Before COVID-19, open-plan offices were on the rise. Facebook’s new headquarters in Menlo Park boasts the “world’s largest open floor plan”, for example.
The obsession with the open-plan office, which probably peaked about ten years ago, was based on what I’ve called “collaboration bias” – the under-examined assumption that social gatherings ad hoc are more valuable to business, creativity and productivity than uninterrupted “deep work”.
But a series of recent surveys have shed new light on the misguided disaster that is open space and the importance of private offices, wherever they are.
A research report titled “Remote and hybrid workfrom the Myers-Briggs company found that employees sitting in open-plan offices are the least happy, those with private offices the most. negatively affect employees and that a mismatch between the policy and the desired workplace results in higher employee turnover.)
Meanwhile, a recent survey by Robert Half revealed that more than a third of survey respondents (35%) said they do more at home (where they can work without being interrupted by their colleagues). But almost half (43%) of employees who work in an office say they perform better in a private office.
The disdain for open-plan offices is greater now than before the pandemic, according to a survey by Framery, which manufactures soundproof booths for offices. Some 41% say their ability to concentrate in an open-plan office has deteriorated significantly after the pandemic.
It seems that employees working from home (WFH) and office workers with private offices have three things in common:
- They have private offices.
- They are happier.
- They do more.
All of this new data makes me wonder: To what extent is the employee’s desire to work from home ultimately a desire to have a private office or at least a space where co-worker interruptions can be controlled?
After all, working from home isn’t for everyone.
While objectively this saves time, increases flexibility, builds autonomy, saves money and provides other measurable benefits, it also reduces social contact with workers. , limits the work tools available and reduces the availability of technical support.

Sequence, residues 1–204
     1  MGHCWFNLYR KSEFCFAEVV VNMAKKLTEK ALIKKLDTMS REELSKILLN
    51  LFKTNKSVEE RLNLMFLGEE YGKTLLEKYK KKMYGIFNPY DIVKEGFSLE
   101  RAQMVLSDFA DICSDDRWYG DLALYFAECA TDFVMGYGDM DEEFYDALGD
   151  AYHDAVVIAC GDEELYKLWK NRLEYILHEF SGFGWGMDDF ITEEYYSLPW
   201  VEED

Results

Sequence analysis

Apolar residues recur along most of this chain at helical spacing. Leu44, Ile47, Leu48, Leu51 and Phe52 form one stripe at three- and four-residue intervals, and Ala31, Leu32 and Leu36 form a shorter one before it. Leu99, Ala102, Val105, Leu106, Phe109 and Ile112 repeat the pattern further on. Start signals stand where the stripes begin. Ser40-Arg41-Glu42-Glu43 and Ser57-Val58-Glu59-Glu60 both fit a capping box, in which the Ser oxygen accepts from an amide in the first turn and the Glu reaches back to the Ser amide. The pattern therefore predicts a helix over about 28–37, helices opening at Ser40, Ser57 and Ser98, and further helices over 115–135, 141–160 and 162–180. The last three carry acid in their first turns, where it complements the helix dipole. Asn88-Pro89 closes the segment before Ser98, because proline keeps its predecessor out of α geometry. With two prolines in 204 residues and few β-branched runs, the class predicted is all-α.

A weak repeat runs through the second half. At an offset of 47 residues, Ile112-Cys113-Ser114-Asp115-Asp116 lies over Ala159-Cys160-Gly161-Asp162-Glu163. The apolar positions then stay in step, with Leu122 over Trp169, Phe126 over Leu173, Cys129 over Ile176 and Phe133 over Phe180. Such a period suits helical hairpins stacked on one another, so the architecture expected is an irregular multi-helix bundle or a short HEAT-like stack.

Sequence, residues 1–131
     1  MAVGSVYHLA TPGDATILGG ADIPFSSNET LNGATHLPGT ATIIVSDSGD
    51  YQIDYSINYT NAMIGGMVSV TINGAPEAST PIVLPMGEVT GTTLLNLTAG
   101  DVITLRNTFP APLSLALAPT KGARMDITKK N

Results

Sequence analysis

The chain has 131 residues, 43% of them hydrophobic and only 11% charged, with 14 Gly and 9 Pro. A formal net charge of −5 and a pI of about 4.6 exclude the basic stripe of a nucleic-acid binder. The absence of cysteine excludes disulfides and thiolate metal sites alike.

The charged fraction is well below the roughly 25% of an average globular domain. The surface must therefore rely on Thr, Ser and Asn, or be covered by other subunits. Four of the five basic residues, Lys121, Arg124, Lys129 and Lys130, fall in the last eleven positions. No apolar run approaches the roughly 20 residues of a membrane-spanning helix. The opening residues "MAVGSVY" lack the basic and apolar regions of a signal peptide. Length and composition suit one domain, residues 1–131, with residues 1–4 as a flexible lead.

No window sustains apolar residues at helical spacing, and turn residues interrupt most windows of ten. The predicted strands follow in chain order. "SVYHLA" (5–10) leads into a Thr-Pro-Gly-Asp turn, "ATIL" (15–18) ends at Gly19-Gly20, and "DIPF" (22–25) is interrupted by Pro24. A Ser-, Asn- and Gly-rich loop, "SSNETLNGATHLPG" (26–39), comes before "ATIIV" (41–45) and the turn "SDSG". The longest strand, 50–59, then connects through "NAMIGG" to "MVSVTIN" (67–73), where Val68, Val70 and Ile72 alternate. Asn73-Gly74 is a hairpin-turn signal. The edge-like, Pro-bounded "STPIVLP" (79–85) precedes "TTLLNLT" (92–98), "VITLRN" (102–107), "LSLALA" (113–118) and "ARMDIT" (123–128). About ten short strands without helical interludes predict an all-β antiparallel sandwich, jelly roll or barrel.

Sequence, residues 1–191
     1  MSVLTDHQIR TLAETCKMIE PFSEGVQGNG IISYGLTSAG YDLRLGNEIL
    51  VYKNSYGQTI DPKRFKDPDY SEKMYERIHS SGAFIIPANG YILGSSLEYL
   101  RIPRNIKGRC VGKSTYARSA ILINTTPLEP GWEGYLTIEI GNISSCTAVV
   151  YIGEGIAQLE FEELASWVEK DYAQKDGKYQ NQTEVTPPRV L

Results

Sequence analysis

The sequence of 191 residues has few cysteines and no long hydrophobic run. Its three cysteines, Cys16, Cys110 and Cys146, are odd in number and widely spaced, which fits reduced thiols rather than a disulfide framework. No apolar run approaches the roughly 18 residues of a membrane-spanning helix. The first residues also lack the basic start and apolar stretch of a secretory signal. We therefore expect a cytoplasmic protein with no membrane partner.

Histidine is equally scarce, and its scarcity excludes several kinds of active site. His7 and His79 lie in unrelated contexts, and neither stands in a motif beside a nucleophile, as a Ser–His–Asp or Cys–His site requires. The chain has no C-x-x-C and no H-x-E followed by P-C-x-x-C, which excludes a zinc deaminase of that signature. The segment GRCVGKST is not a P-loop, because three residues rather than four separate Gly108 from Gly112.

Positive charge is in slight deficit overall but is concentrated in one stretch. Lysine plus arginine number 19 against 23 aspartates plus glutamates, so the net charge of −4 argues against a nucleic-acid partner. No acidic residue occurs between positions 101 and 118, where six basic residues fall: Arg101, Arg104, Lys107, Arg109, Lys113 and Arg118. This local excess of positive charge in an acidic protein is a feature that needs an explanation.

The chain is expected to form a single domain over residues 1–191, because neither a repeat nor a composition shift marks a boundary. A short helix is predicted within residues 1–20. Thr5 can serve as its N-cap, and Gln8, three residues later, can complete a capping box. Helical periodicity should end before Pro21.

You can measure the measurables, but the reality is the psychological rules about the appeal (or lack thereof) of remote work.
Some people like it. Some hate it. Many are somewhere in between.
In the midst of the Great Resignation, as companies struggle to hire and close the IT skills gap – and work hard to retain employees – it seems to me that tearing down open plan offices and building more of private office space is an overlooked tactic that companies could use to attract and keep their best employees.
Of course, different companies have different constraints (budgetary and otherwise), as well as different missions, work and management approaches, and other factors.
So there is no one-size-fits-all answer here.
But it seems the best policy for employee satisfaction and productivity is quite simple: anyone who can work remotely can choose where and when to work — in the office full-time, part-time, or never.
But those who choose to work in the office can expect to have their own private office.
This approach will not only make employees happier and more productive, but it will also likely increase the number of employees choosing to work in the office.
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